Wheel & Tire Guys
Join Date: Jun 2008
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g-Force Sport Comp-2Tread Type: Directional
Speed Rating: V, W
I’ve tested a number of tires from a variety of tire manufacturers during product launches. Not once have I ever heard a tire manufacturer tell a group of, by no means professional, drivers “Don’t wussy foot it” (edited).
Matt and I, a couple of automotive enthusiasts from Discount Tire, had the chance to attend the BFG g-Force Sport Comp-2 product launch at Fontana Raceway in California a few weeks ago. We knew very little about the new tire and very little about what BFG had planned for the launch. We were told that as long as we could get the all clear to attend from home base (Corporate) everything else would be taken care of. How could we pass that up?
So away we went, we landed in Ontario, CA mid afternoon on Tuesday Jan. 31st and were out on the track the following morning by 9am. BFGoodrich had a team of engineers, some marketing and support staff and a grip of their test/pro drivers out for the day. We started the morning off with a presentation describing the new BFG g-Force Sport Comp-2. They described its improvements over the original g-Force Sport and talked about where it sits now compared to similar tires in the Ultra High Performance Category (UHP). We then split into groups and rotated through 4 different test stations, the 0-60-0 test, a high speed road course, a short course dry autoX track and a short course wet autoX track.
At first glance the new BFG g-Force Sport Comp-2 doesn’t look much different than the g-Force Sport it’s replacing. The tread design looks almost identical but the sidewall is a little cleaner and smoothed out. So what’s new? To really see it, you’ve got to drive it.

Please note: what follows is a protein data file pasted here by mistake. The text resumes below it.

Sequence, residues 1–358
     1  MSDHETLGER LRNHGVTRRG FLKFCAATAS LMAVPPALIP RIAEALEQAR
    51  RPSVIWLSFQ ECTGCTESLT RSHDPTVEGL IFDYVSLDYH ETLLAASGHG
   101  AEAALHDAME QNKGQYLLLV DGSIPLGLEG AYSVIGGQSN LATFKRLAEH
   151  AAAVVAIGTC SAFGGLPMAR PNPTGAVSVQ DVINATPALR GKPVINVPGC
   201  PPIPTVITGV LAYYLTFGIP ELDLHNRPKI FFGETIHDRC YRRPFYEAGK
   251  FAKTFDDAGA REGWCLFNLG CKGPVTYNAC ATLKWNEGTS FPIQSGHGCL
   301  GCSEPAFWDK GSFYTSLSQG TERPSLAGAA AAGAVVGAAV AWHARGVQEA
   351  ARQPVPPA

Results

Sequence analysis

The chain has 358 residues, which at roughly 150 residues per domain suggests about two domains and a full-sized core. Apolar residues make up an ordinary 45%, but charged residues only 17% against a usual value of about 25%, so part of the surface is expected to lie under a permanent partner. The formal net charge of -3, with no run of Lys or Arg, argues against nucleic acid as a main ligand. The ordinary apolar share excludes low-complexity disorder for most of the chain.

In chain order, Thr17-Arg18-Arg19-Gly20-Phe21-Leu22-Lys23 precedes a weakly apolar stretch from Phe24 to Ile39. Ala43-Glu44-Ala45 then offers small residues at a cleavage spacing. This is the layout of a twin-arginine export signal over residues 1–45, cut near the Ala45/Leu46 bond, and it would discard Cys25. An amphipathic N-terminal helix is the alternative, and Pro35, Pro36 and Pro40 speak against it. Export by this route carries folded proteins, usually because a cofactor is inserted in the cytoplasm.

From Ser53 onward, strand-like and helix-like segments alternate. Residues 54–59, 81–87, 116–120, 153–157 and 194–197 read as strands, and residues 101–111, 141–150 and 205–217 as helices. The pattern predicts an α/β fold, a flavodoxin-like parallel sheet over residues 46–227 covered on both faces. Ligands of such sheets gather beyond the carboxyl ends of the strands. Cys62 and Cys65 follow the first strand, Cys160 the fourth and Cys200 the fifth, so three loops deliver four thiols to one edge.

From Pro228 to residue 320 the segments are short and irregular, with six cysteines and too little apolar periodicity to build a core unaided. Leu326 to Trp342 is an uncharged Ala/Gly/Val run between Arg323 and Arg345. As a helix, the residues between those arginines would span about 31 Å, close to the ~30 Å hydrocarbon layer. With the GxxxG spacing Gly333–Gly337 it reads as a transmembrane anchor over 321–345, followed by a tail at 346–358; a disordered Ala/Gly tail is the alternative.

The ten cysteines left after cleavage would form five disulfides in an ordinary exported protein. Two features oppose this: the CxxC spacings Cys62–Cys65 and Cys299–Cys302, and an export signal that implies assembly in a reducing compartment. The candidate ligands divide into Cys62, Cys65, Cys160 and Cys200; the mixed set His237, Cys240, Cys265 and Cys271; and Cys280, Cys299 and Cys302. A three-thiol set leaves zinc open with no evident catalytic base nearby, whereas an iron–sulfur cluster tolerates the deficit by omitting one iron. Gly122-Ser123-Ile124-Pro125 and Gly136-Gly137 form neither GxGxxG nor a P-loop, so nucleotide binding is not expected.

With improvements from the inside out, BFG claims their new Comp-2 yields an 8% gain in dry traction, and an astonishing 30% gain in wet traction over the g-Force Sport. To put that into perspective, a 3% improvement would be easy for a pro driver to notice, an 8% improvement would be noticeable by most enthusiast drivers and a 12% difference would be noticeable by almost all levels of drivers. Needless to say, with BFG’s claims, Matt and I were excited to feel the improvements first hand.
Our group first headed over to put the ABS to work on a new 2012 Challenger SRT8. Our group’s 0-60-0 test yielded stopping distances that averaged 9 feet shorter than the competitor’s tire on the dry track. This could very easily mean the difference between getting in an accident and avoiding an accident.
Next up, the high speed road course! We reached speeds exceeding 90mph in a 2012 Camaro SS. The Comp-2 did an excellent job of holding our line. Big sweeping corners and fast straight-aways allowed us to feel the Comp-2‘s internal construction help to balance the vehicle while keeping the tread planted on the track. BFG has made changes to the carcass of the new Comp-2 to specifically improve its high speed performance. They didn’t tell us exactly how they did it but they described the improvements as a type of internal tension system that helps keep the contact patch optimized at high speed. With these improvements, the Comp-2 seemingly begs you to push it harder and faster. This is something that many of us, as enthusiasts, can’t live without.
After a quick lunch break Matt and I couldn’t wait to get back out on the track. We made our way over to the dry autoX track and found ourselves whipping around the tight corners in a 2012 AWD Subaru WRX STI and a 2012 RWD Challenger SRT8. These two vehicles are drastically different in balance, weight and size. This was a great opportunity for us to feel how the Comp-2’s sidewall reacted and responded under very different vehicles.